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Romans is the longest of all Paul’s writings and is widely regarded as one of the most important letters that he wrote. It is written to the Christians in Rome and is unusual in that the church there was one of the few that Paul had not founded, making this letter his first communication with the community there. It announces his intention to come to Rome and to be sent onwards by the church to Spain (15.23–24). To introduce himself, Paul lays out his theology in great detail, explaining the good news that he proclaimed (chapters 1–11) and the consequences that he believed this should have in the lives of the Christian community (12–16). We do not, as a rule, know what Paul said when he first arrived in a new place proclaiming the gospel. Most letters, written as they are to communities that Paul had founded, are his second or third communication to them, not the first. Romans is one of the closest accounts we have of what Paul might have said to a community when he first arrived.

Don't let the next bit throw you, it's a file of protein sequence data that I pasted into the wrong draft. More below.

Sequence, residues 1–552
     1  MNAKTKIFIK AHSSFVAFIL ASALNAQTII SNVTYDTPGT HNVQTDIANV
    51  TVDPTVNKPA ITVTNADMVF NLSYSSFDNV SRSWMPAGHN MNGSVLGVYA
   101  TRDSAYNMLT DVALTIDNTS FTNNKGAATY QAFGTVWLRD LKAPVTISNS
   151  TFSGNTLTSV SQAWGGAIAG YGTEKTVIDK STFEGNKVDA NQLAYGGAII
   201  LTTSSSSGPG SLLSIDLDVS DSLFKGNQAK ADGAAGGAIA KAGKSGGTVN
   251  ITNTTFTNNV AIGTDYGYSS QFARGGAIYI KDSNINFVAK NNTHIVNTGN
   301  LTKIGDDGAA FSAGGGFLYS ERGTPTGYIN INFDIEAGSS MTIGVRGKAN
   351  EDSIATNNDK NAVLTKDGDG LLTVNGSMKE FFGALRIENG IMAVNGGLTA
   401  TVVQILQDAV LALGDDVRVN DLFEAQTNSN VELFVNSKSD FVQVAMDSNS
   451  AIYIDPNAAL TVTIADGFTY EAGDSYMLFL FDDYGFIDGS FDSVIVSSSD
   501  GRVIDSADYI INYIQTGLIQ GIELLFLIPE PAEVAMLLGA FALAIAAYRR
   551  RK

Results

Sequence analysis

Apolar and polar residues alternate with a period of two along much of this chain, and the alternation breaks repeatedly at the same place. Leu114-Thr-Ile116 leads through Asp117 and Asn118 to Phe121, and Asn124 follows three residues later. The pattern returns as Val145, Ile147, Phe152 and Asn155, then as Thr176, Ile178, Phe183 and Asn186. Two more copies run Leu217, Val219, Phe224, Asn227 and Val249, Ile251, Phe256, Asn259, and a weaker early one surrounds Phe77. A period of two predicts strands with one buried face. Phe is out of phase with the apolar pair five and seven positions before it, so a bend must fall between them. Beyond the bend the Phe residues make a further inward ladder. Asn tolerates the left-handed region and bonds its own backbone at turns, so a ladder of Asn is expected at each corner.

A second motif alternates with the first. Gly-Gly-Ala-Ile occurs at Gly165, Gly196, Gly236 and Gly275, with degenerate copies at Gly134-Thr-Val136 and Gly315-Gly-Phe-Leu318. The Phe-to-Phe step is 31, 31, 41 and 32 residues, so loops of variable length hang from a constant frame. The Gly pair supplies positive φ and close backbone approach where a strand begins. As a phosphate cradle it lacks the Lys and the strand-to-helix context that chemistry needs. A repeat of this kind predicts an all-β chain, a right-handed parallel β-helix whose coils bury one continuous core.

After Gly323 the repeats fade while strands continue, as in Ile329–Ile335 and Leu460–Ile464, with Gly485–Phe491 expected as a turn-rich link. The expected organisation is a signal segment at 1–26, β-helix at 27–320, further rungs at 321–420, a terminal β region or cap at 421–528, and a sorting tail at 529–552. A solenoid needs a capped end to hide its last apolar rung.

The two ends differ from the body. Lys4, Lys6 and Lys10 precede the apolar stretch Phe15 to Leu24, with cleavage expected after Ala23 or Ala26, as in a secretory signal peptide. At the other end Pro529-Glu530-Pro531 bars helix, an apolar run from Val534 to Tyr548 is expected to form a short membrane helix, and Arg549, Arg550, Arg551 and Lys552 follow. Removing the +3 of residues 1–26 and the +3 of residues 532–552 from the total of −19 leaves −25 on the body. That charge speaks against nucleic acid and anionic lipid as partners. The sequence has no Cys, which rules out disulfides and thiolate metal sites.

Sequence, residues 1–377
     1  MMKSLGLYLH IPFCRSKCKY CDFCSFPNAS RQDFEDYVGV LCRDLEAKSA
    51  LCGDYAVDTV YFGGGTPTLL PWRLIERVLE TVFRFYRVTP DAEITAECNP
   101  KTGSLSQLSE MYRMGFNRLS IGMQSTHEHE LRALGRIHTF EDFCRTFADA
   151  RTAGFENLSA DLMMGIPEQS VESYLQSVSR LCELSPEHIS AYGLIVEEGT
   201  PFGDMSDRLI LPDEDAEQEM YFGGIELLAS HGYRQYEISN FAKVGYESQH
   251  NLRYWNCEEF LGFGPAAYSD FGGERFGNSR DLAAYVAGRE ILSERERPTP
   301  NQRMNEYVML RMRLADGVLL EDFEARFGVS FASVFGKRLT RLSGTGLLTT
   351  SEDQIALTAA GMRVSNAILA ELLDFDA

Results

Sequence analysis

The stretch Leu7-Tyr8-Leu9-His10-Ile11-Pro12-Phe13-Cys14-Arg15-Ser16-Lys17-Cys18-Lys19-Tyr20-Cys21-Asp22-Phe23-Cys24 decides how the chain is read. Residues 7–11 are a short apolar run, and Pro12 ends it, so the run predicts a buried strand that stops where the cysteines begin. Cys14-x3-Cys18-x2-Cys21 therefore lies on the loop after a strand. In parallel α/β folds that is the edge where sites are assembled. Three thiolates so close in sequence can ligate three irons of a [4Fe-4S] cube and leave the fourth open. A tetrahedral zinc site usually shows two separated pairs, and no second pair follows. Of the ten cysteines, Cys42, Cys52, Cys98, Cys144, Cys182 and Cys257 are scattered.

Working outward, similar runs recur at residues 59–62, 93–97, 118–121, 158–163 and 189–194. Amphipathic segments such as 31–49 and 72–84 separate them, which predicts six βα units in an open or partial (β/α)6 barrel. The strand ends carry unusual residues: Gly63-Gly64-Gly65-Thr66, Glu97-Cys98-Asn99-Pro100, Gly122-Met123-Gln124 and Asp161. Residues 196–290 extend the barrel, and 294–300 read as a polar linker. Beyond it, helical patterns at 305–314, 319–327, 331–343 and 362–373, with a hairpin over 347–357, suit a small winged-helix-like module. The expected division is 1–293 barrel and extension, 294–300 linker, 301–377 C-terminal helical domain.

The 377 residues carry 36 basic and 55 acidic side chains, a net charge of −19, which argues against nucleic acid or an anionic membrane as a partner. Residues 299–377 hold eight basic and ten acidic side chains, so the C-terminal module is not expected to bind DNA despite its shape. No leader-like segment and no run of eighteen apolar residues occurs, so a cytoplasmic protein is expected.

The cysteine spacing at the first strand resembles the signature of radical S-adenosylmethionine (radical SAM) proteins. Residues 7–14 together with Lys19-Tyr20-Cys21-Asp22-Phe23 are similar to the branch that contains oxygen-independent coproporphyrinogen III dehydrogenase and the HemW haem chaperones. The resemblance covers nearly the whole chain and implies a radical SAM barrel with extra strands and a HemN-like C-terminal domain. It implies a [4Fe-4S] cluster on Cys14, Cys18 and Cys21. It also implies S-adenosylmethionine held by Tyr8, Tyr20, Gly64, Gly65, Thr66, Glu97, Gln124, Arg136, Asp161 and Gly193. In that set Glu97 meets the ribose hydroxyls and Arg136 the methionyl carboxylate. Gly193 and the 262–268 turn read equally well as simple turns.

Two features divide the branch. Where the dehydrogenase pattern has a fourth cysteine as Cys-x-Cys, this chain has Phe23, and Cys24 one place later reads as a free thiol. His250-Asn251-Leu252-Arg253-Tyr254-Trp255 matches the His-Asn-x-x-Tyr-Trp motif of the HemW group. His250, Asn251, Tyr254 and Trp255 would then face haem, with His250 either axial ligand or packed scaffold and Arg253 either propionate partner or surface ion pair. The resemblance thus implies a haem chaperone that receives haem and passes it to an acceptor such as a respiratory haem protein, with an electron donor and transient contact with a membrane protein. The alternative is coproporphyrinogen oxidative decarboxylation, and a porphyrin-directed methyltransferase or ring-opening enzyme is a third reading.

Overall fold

Reading time: One hour
Short of time? Just read 1.1–17; 5.1–8.39; 12.1–8; 15.14–33

… all have sinned and fall short of the glory of God. (Romans 3.23)

Likewise the Spirit helps us in our weakness; for we do not know how to pray as we ought, but that very Spirit intercedes with sighs too deep for words. And God, who searches the heart, knows what is the mind of the Spirit, because the Spirit intercedes for the saints according to the will of God. (Romans 8.26–27)

For I am convinced that neither death, nor life, nor angels, nor rulers, nor things present, nor things to come, nor powers, nor height, nor depth, nor anything else in all creation, will be able to separate us from the love of God in Christ Jesus our Lord. (Romans 8.38–39)